Army Ranger Training on the Appalachian Trail
It’s day two of my journey along the Appalachian Trail and I’m hiking along a gloriously sunny ridgeline in the Georgia mountains. I glance up towards the right of the trail and notice two men in the woods. My first thought is that they’re hunters because one is lying on his stomach looking through the sight of a rifle. But no, these men are in military camo, and I remember the AT trail ambassador back at Amicalola telling us that there is an Army training facility in the area.
As I walk closer I see that there are maybe 25 men in full camo with face paint in the woods right alongside the trail. I also realize that if I continue walking I will walk right through the line of sight of at least two rifles.
I stare at the two men closest to the trail, one of whom is pointing a weapon directly at the path of the AT. They’re about 10 yards away, close enough that I can see the blank expressions on their faces. They pretend I’m not there. I realize that I’m afraid to look away – if I must walk through the line of sight of that gun, then I feel like I have to closely monitor the movements of these men.
I walk past, and shift my gaze to the larger group a bit further from the trail – maybe 20-30 yards back. There’s another rifle pointed directly at the path of the AT. I continue walking, and as I’m almost past one man towards the back of the group raises his hand and waves. I wave back and look behind me to see that my mom is waving as well. She has the same bewildered look on her face that I imagine I have after walking through that training exercise.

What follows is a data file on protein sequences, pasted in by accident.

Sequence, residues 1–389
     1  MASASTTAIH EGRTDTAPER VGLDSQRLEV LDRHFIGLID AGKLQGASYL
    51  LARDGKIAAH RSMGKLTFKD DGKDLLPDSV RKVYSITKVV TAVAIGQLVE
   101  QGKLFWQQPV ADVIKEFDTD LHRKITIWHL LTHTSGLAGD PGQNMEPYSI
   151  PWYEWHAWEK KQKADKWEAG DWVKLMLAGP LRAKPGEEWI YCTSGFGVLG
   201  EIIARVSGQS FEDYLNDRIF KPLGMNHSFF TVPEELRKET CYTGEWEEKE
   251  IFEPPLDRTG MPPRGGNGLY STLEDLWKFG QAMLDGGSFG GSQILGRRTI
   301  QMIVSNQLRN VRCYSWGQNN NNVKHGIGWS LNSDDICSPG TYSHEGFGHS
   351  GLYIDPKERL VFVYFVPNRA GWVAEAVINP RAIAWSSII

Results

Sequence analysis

Later that day, in camp at Hawk Mountain Shelter, everyone comments about their close encounter experience with the Army Ranger training exercise. Fear and surprise were expressed by many, including myself.
That evening, as a group of 15 or so thru-hikers gather by the fire pit, I ask the two volunteer ATC trail ambassadors about what we’d seen earlier that day. Is it normal for them to be conducting their training exercises that close to the trail? And for guns to be directed towards the trail?
I’m a bit baffled to see how normal this seems to them. A few of the other thru-hikers gathered around the fire also seem unfazed by the incident. One fellow hiker, Andy, overhears us talking and jumps in to offer some answers. He went through this Ranger training, it turns out, not that long ago.
As darkness settles in, we hear gunshots crackle from across the gap. We look up from the fire and can see the little points of light as the shots ring out from both sides of this pretend firefight. As it happens, Andy rattles off the details of what this probably looks like on the ground, from the trainee’s perspective. The few of us still awake just sit and listen. I grab my audio recorder at one point and walk a few paces away from the fire to capture the sounds of gunfire from my second night out on the Appalachian Trail.
You can hear those recordings that I made that night, as well as a short segment of the interview that I conducted the following day with Andy, in the short podcast episode that I’ve shared below.
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